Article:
In 1994, Dr. Trucco’s research yielded the first evidence that some patients with genetic susceptibility to Type 1 diabetes may have the onset triggered by viruses.
Along with Dr. Giannoukakis, he is credited with performing the first clinical trial in history using a patient’s own genetically engineered white blood cells as a potential treatment to reverse and prevent Type 1 diabetes. The protocol uses the white blood cells to prevent an autoimmune response in diabetics that destroys the cells in the pancreas that produce insulin.
“We believe breaking the immune cycle that causes Type 1 diabetes could be the key to a cure,” Dr. Trucco said. “Although more research needs to be done, that game changing discovery is within our reach and we are excited to move forward in its pursuit as part of Allegheny Health Network and the Allegheny Singer Research Institute. ASRI has a long and distinguished history of advancing medical breakthroughs through basic, clinical and translational research and we feel it is an ideal setting in which to take our research to the next level.”
Working to prevent and reverse the body’s autoimmune response, Dr. Trucco and Dr. Fan manufactured the world’s first biosynthetic thymus mini-organ; the training center of the body’s immune system and the place which removes harmful immune cells responsible for many autoimmune diseases, especially type 1 diabetes.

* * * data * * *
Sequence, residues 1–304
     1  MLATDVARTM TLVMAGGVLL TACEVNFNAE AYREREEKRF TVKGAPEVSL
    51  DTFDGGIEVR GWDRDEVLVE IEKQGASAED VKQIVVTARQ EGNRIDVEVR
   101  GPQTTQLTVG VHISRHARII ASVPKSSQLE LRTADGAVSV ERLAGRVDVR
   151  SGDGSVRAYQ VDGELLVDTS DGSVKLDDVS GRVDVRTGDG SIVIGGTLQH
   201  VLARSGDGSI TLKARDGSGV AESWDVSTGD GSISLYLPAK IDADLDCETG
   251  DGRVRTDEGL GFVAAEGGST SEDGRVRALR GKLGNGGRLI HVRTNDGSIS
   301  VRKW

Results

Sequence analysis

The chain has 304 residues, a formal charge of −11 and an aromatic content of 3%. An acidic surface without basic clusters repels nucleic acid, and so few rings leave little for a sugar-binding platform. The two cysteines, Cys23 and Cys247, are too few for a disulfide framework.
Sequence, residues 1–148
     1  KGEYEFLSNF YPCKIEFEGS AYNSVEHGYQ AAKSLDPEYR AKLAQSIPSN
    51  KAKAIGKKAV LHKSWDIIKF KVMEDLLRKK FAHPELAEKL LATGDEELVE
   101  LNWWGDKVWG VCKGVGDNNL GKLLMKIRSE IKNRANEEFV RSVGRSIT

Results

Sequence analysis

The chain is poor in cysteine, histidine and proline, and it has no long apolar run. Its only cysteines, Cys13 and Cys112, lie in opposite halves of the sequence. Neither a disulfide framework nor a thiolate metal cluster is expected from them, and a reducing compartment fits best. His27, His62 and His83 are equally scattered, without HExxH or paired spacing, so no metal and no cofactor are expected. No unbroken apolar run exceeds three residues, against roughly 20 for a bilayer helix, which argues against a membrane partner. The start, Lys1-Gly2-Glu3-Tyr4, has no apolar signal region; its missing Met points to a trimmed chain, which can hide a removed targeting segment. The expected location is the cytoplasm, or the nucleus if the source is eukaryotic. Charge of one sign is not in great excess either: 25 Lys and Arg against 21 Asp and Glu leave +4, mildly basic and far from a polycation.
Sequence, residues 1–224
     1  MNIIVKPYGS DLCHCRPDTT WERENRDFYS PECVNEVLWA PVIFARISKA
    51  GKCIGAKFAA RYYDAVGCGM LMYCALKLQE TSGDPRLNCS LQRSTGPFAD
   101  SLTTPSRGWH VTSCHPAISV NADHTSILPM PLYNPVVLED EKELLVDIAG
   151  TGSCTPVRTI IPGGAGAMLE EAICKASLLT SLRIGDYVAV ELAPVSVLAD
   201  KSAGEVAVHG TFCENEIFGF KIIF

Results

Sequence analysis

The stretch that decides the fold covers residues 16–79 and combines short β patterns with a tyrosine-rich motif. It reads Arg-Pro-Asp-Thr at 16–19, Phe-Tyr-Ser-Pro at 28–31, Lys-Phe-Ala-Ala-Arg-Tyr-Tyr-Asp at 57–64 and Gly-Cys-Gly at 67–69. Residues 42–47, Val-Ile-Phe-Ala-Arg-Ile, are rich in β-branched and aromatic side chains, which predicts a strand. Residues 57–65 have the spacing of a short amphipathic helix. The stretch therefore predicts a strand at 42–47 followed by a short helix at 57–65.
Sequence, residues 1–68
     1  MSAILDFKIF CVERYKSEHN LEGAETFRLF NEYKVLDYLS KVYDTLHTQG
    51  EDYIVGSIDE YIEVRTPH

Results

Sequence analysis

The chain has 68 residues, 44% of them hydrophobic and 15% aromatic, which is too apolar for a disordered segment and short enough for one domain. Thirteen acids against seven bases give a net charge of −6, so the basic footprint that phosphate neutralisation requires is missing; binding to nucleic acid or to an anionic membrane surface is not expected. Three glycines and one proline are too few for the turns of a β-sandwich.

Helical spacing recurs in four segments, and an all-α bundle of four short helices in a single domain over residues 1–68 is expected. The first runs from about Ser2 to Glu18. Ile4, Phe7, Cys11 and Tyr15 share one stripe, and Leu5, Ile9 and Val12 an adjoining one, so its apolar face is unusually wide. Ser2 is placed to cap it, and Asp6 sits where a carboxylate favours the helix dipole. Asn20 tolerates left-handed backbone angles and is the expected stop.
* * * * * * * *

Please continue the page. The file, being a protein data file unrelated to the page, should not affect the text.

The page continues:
“We’re working to further develop and refine this discovery with the goal of bringing it to clinical application before the end of the decade,” Dr. Trucco said.
A native of Savona, Italy, Dr. Trucco earned his medical degree from the University of Torino School of Medicine. During his medical residency at the Regina Margherita Children’s Hospital in Torino, he conducted research in tissue compatibility that sparked an interest in bone marrow transplantation and other immunologic disease processes. He completed fellowship training at the Institute of Medical Genetics at the University of Torino.
His later research produced an improved typing process for matching bone marrow donors and recipients and Dr. Trucco directed the Histocompatibility Center at Children’s Hospital of Pittsburgh, a program affiliated with the National Marrow Donor Program.
His research has received continuous financial support for 30 years by such prestigious institutions as the National Institutes of Health and the Department of Defense. He has published 360 scientific papers throughout his career and has been cited in more than 12,000 scholarly articles.